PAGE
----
Two-way fixed effects are easily coded up using the inefficient dummy method. Since we're trying for efficiency, a better solution is to use a combination of the Frisch-Waugh Theorem and the inefficient method.
Explicitly, first determine which one of your dummy sets has fewer elements.
Suppose we want to run the regression in the previous subsection -- returns on lagged size -- with dummies for date and permno. Since data is monthly and the msf file has data from 1927-2007, there will be 12*81=810+162=972 date dummies. That's much smaller than the 27865 permno dummies.
Then we create the date dummies as shown in Section 13.3.1. Explicitly:
data dates; date='31Jan1927'd; do while(date<='31Dec2007'd); output; date=intnx('month', date+1, 1)-1; end; run; data dates; set dates; array dateids (972); do i = 1 to dim(dateids); dateids(i)=0; end; dateids(_n_)=1; run;
and merge these in with the original dataset by date. There are 972 date dummies named dateid1-dateid972.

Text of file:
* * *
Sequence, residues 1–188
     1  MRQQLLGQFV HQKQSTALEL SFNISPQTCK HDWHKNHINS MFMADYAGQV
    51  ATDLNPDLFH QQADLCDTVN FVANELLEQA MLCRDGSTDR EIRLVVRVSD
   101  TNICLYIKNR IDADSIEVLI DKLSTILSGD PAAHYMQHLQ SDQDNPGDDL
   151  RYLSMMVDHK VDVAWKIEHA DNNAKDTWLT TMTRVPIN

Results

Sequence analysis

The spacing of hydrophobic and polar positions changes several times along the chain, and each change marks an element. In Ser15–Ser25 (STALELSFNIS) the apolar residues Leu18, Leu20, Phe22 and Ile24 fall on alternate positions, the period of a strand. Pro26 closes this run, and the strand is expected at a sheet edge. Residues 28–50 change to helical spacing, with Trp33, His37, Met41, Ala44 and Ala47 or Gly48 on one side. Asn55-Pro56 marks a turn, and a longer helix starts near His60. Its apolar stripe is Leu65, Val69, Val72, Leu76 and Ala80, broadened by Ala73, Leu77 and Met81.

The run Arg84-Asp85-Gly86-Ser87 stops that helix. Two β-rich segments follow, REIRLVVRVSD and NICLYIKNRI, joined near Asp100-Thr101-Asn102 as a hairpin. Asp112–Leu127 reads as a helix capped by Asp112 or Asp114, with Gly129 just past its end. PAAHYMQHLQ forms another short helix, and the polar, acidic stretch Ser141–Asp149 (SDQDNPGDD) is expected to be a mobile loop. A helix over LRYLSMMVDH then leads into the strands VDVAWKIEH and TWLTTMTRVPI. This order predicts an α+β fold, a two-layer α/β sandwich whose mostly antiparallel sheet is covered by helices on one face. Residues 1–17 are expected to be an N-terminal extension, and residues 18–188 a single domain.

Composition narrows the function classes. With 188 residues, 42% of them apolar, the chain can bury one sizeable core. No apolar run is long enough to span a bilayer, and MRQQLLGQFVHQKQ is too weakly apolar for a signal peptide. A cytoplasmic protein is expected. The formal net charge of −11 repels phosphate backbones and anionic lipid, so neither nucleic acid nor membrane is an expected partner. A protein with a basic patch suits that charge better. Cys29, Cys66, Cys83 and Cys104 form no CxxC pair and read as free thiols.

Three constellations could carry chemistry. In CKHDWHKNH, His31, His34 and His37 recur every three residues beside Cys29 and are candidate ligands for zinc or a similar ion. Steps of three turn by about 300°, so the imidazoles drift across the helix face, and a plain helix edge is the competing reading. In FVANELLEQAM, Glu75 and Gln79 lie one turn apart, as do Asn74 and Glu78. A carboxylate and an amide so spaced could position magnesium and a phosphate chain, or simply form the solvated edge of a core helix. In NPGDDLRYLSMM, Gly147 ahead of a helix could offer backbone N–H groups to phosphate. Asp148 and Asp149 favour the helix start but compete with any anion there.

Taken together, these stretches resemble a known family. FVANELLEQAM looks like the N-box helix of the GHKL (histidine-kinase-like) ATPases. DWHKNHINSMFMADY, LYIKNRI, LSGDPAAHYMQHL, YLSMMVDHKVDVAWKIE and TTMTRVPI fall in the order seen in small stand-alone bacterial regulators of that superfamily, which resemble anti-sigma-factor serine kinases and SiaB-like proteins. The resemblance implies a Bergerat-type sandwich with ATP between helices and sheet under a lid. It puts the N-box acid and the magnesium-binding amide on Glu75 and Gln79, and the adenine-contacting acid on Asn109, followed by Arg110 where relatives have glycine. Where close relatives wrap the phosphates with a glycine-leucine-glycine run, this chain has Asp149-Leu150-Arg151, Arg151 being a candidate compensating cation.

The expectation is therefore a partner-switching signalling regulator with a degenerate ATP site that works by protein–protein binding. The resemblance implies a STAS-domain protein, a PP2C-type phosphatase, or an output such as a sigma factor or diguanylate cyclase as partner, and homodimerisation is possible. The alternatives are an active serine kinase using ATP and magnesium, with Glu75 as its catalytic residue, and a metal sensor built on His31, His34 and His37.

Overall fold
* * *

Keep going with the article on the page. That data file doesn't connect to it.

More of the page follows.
Once I have the date dummies, I treat the date dummies as additional independent variables:
proc standard data= msf mean=0; by permno; var lagsize dateid1-dateid972; run; proc reg data=msf; model ret=lagsize dateid1-dateid972/noint; run;
which produces the two-way fixed effects coefficient on lagsize.
To suppress the printing of the dummy coefficients, I can say:
proc reg data=msf outest=est(keep=lagsize _type_) noprint tableout; model ret=lagsize dateid1-dateid972/noint; run; proc print data=est; run;